This Investor’s Guide is for anyone interested in gold, silver, and the history of money. In it you will find the key elements of the inner workings of the market, the players, the reasons they buy and sell gold, and how they do it. We use several tools (articles, charts, interviews, videos with simple explanations) that will help you understand the gold market and the different solutions for investing in gold and silver.
In times of economic and monetary crises, such as now, the savvy investor buys gold to protect his or her wealth. Gold has played its role of reserve of value for thousands of years. The level of debt has reached epic proportions that make it impossible to reimburse and, in such a complex and interconnected financial system, default from one of the major players in the economy (financial institution, government...) could trigger a systemic collapse. So, the rational investor turns to tangible and liquid assets that are neither backed by debt or the responsibility of a third party: precious metals.
The price of gold evolves constantly, five days a week, around the world, from the open of the Asian market on their Monday morning (Sunday 3pm EST) to the close of the US markets on Friday (4:00pm EST). A benchmark price, called “the fixing", is determined twice a day. According to estimates, the daily volume of combined paper and physical gold was 139 million ounces in 2013, worth $196 billion.
If we compare the trading volume of the GOLD:USD pair to the other pairs, USD:EUR, USD:JPY, gold is the sixth most-traded currency every day.
Recently, several indicators, such as the GOFO rate turning negative and major deliveries on the Shanghai Gold Exchange, are signaling significant stress on the physical gold market.
There are several ways to invest in precious metals, and the simplest and safest way is to buy bars and coins. It is also possible to invest in “paper gold” financial instruments.
These financial products (ETF funds, futures, certificates and gold mining stock) are generally recommended by banks and destined for speculation. They should be viewed with a risk/reward perspective. The fees are minimal because they require little administrative work and handling. However they do not offer the same guarantees as physical gold and expose you to intermediation and, thus, counterparty default risk, such as default by your bank or broker.
When buying gold, one looks for an easily identifiable and tradable product. This is why refiners produce marketable gold bars and gold coins with weight, purity and brand inscribed on them. Prices are determined by weight in gold, to which is added a premium for refining and producing. The smaller the bar or the more detailed a coin, the higher the premium. For example, the premium on "Good Delivery" 400oz bars traded on the international market is lower than the premium on 1kg (32.15 oz.) bars. For the private investor, however, the 1kg bar is much more practical and offers more liquidity.
All investors ponder this question, and there is no one right answer. It depends on your capital and the liquidity you seek. As an investor, you want to accumulate as much metal as possible so you should look for products with the most attractive premiums. You must also consider future liquidity, and the possible necessity of a partial resale of your precious metals.
Let's take a simple example:
Mr. X has decided to buy $70,000 worth of gold. The most attractive option is the 1kg bar, which comes with a 2.0% premium. With the (December 17, 2015) spot price of $1,054.55 per ounce, the purchase price, including premium, is $34,582.66.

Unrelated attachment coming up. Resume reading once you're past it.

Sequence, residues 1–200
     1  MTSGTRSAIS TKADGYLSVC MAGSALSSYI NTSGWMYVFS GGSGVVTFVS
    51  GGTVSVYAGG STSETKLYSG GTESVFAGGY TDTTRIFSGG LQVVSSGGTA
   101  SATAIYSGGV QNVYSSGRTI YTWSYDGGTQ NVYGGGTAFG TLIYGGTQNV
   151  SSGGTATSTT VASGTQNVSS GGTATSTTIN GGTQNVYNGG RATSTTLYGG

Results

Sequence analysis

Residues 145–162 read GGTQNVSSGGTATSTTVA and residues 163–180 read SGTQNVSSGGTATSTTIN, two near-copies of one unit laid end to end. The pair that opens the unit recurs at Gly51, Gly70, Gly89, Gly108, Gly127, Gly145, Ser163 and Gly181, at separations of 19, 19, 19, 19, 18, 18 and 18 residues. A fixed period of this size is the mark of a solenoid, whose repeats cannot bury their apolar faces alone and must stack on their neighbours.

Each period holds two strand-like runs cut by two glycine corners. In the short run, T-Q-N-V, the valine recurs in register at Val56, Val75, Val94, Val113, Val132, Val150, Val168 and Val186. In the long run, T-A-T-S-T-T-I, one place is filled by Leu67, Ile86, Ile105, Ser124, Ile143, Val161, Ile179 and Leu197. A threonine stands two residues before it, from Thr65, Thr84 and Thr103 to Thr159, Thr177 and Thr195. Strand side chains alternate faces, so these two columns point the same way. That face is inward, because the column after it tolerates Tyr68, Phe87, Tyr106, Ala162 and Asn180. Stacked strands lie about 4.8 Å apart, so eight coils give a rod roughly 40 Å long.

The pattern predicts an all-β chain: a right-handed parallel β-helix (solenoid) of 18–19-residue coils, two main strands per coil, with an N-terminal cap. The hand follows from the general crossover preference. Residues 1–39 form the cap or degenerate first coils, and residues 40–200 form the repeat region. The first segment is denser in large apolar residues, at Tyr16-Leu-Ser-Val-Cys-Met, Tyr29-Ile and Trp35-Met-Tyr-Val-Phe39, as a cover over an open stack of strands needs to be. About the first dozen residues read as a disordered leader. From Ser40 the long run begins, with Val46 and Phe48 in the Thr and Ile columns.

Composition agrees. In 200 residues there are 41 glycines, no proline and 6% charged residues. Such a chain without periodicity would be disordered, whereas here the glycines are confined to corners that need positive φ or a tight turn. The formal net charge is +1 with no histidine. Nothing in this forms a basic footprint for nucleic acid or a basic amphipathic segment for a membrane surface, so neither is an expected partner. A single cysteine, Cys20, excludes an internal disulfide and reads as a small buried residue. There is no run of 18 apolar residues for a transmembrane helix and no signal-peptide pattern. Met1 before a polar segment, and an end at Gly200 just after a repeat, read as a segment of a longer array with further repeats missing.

Mr. X can buy two kilograms for $69,165.32. But he’s not getting optimal liquidity because if he needs $10,000 quickly in the future, he will have to sell a whole kilogram, the equivalent of $34,582.66, and pay a premium on this amount. He will surely want to re-invest the remaining $24,582.66 and will have to pay yet another premium.
A better allocation of his capital would be as follows:
The total amount invested would be $69,334.86 and a portion of the remaining money ($665.14) would cover eventual storage fees.
Once you have determined which gold bars or coins you want to buy, an essential question remains: Where to store them? There are several solutions available, but your priorities should be maximum safety and liquidity.
Home storage is the least expensive solution, but it exposes the risk of theft. In addition to the problems of oxidation, hiding bars or coins in your home, burying them in the garden or burying them in a wall, means running the risk of them falling into the wrong hands, or even being forgotten (especially in the event of the owner's death). Note that keeping precious metals at home is generally not covered by insurance.
A safe deposit box is usually rented at a bank branch. It is an economical solution but does not include insurance for the contents, which are often "secret". Renting a bank safe deposit box raises several issues. What would happen if the contents of the safe deposit box were to disappear? The frequency of such incidents should not be exaggerated, but a safe deposit box is not an absolute guarantee. What would happen if your bank went bankrupt? In case of a political or financial crisis? How can you access the safe deposit box if the branch is closed (bank holiday)? You may not be able to get your gold back when you need it most.
In order to limit the risks and inconveniences inherent to bank or home storage, the best solution is to entrust your physical gold to a private company specialized in the storage of precious metals. For optimal security, the investor must hold a storage certificate in his own name and have direct access to the vault.